A second HEFCE-sponsored study used a fuzzy-matching tool to create a statistical picture of all types and levels of publicly funded tertiary education in England. It showed that the sub-contracting of teaching to other institutions was an important feature of relationships within, as well as between, sectors. A technical report and commentary pointed to serious shortcomings in data coverage [R4].

(5) Understanding higher education in further education colleges, 2011-12

Research commissioned by the Department for Business, Innovation and Skills (BIS) is the most authoritative account of higher education in the college sector. Using qualitative and quantitative approaches, the study examined claims made for the distinctiveness of college-taught higher education. The important role of colleges in widening participation was confirmed, although the extent to which students were making informed choices was questioned. These were cost-effective locations for higher education but with limited scope for economies of scale. Responsiveness and flexibility were coupled with heterogeneity and short-termism [R5].

References to the research

R1. Parry G and Thompson A (2002) Closer by Degrees. The Past, Present and Future of Higher Education in Further Education Colleges. London: Learning and Skills Development Agency, 86pp (research publication arising from peer reviewed funding from the Learning and Skills Development Agency).

R2. Parry G (2003) Mass Higher Education and the English: Wherein the Colleges?, Higher Education Quarterly, 57 (4), pp 308-337. doi: 10.1111/j.0951-5224.2003.00250.x


R3. Parry G (ed) (2009) Special Issue on The College Contribution to English Higher Education: International and Contextual Commentaries, Higher Education Quarterly, 63 (4), pp 319-433.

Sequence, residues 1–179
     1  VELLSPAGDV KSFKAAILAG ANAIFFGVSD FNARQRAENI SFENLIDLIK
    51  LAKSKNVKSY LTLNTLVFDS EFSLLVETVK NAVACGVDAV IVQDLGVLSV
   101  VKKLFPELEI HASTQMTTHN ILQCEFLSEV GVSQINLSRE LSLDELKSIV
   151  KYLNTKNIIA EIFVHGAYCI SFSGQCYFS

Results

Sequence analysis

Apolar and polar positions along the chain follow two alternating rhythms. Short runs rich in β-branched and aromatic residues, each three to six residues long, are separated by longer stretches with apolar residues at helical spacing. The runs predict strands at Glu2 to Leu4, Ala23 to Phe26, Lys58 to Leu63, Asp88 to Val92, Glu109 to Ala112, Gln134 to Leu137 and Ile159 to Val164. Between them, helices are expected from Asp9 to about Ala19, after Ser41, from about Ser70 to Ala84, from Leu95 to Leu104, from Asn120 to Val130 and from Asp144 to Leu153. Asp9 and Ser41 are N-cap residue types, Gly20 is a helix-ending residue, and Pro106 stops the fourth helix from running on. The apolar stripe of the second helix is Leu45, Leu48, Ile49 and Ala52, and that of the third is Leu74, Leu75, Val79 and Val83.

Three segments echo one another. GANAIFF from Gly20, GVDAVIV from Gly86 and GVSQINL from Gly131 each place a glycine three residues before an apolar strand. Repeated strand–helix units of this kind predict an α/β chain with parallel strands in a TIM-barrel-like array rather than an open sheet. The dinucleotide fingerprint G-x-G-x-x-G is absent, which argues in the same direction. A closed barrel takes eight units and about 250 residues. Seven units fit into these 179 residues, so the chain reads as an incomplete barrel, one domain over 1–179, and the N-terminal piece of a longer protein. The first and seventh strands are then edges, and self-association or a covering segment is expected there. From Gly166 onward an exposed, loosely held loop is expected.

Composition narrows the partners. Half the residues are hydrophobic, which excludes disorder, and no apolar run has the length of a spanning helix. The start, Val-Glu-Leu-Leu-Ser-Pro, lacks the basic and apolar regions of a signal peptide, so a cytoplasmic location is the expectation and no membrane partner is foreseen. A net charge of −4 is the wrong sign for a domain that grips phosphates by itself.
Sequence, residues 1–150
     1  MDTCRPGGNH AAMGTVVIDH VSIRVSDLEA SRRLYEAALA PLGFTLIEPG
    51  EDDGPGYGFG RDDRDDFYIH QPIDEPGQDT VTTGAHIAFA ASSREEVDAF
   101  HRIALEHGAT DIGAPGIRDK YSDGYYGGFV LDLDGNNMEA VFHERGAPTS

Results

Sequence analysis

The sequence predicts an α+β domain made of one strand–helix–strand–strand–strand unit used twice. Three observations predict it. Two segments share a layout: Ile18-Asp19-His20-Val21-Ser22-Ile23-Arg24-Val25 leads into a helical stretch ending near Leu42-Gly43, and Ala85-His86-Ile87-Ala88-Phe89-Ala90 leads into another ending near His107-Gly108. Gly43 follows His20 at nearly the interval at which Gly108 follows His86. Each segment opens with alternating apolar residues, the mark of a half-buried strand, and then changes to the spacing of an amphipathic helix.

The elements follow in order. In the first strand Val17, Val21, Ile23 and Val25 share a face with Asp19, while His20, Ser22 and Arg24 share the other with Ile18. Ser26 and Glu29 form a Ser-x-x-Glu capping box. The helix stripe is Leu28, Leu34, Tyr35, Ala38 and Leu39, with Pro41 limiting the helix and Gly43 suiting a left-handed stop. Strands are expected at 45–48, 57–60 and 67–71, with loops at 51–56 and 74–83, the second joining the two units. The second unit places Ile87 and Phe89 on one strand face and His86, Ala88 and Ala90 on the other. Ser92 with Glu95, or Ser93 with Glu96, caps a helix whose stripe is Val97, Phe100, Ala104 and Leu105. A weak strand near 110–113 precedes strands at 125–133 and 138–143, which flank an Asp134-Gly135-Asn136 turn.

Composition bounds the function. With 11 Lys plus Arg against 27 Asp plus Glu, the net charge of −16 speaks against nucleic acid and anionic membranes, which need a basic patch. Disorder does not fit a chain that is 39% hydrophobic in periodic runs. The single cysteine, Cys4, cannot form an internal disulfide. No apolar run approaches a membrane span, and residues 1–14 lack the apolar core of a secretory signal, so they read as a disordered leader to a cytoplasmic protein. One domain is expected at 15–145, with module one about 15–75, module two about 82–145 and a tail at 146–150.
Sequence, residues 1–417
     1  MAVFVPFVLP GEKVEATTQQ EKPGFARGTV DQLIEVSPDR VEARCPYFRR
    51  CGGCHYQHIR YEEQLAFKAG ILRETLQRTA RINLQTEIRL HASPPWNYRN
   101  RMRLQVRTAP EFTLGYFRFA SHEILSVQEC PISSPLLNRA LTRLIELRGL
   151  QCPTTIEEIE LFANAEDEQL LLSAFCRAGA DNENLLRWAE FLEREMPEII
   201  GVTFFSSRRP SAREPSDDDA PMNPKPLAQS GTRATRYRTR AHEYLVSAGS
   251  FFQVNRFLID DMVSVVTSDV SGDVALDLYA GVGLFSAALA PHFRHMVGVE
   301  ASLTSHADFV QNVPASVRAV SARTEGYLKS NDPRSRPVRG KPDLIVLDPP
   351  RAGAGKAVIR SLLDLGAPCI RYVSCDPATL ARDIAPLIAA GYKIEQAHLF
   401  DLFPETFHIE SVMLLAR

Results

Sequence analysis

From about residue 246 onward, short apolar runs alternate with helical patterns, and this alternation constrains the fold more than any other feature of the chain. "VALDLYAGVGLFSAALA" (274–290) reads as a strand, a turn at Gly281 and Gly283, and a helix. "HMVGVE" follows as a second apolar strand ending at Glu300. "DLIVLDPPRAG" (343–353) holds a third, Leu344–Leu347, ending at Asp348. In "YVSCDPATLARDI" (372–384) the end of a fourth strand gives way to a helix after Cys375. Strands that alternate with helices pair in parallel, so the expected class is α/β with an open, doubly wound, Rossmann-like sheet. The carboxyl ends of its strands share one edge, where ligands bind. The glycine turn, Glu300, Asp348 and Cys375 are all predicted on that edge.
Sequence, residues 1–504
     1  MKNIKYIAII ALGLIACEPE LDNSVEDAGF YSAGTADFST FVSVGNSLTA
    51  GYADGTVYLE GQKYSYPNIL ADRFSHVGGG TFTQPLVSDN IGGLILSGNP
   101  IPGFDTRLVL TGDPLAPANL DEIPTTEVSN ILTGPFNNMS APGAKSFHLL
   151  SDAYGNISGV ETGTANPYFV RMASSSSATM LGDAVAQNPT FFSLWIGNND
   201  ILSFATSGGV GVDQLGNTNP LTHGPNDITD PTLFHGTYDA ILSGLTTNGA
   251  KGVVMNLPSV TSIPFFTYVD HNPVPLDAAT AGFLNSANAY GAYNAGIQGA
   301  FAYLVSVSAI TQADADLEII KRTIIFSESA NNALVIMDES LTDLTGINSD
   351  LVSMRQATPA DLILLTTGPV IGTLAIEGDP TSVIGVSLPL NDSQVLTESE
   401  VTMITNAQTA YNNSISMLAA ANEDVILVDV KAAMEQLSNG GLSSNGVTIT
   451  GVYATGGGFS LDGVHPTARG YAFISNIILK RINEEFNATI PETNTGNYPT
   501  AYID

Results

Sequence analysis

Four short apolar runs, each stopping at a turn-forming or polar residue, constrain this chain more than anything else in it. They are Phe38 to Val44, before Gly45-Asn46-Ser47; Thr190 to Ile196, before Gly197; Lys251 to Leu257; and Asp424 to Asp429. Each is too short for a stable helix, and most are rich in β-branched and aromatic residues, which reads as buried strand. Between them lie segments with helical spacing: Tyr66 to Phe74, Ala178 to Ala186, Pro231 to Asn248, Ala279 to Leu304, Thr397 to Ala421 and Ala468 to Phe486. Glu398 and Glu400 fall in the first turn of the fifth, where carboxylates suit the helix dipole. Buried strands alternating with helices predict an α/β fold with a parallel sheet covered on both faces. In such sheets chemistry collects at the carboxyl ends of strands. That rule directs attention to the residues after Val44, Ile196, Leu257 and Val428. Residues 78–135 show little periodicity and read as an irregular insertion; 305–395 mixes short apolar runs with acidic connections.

R4. Rashid S, Parry G, Thompson A and Brooks G (2011) Patterns of Further and Higher Education in Colleges and Universities in England: A Statistical Summary and Technical Commentary. Bristol: HEFCE, 89pp. (research publication arising from peer reviewed research funding from HEFCE).

R5. Parry G, Callender C, Scott P and Temple P (2012) Understanding Higher Education in Further Education Colleges, BIS Research Paper 69. London: Department for Business, Innovation and Skills, 219pp. education/docsu/12-905-understanding-higher-education-in-further-education-colleges (research publication arising from peer reviewed research funding from BIS).

Details of the impact

Shaping national policy

The research has contributed to revisions of policy, changes in implementation, assessments of progress, and challenges and changes to the thinking of national bodies. The direct beneficiaries were HEFCE, the Learning and Skills Council (LSC), BIS and the Association of Colleges. As a result of the enhanced capability of these organisations in a hitherto underdeveloped area of policy, choices for students have improved and partnerships between colleges and universities have been better supported.

The core recommendations of the 2002-03 research were accepted by HEFCE and, following a review in 2005-06, implemented as sector policy [S1]. The measures adopted included `a minimum period (three years) of security for the funding and student numbers available to them, so that colleges have more opportunity for long-term strategic investment in higher education' (HEFCE 2006). In another revision of policy consequent upon the research, HEFCE developed guidance on clarity and transparency in indirect funding partnerships. The same research, along with the findings of the 2001-02 LSDA study, underpinned the thematic review undertaken by Parry (2004) for the Foster inquiry into further education colleges in England (Foster 2005). These studies and the 2006-08 ESRC research were among the `fundamental basic resources' used by the LSC to guide its policy on higher-level qualifications (LSC 2008).

As a result of its engagement with the Sheffield research, HEFCE funded a series of follow-on projects between 2007 and 2010 to advise on policy and assist with development. One of these, an independent monitoring and evaluation of the introduction of the new measures, led to a redesign of the implementation plan. These interventions, guided by the research evidence on how colleges managed their higher education, enabled HEFCE to secure higher education strategies from 240 out of 256 eligible colleges (HEFCE 2011). For small providers in particular, this was the first time their higher education was underpinned by an explicit strategy, with a positive impact on curriculum integration, student progression and the management of standards and quality.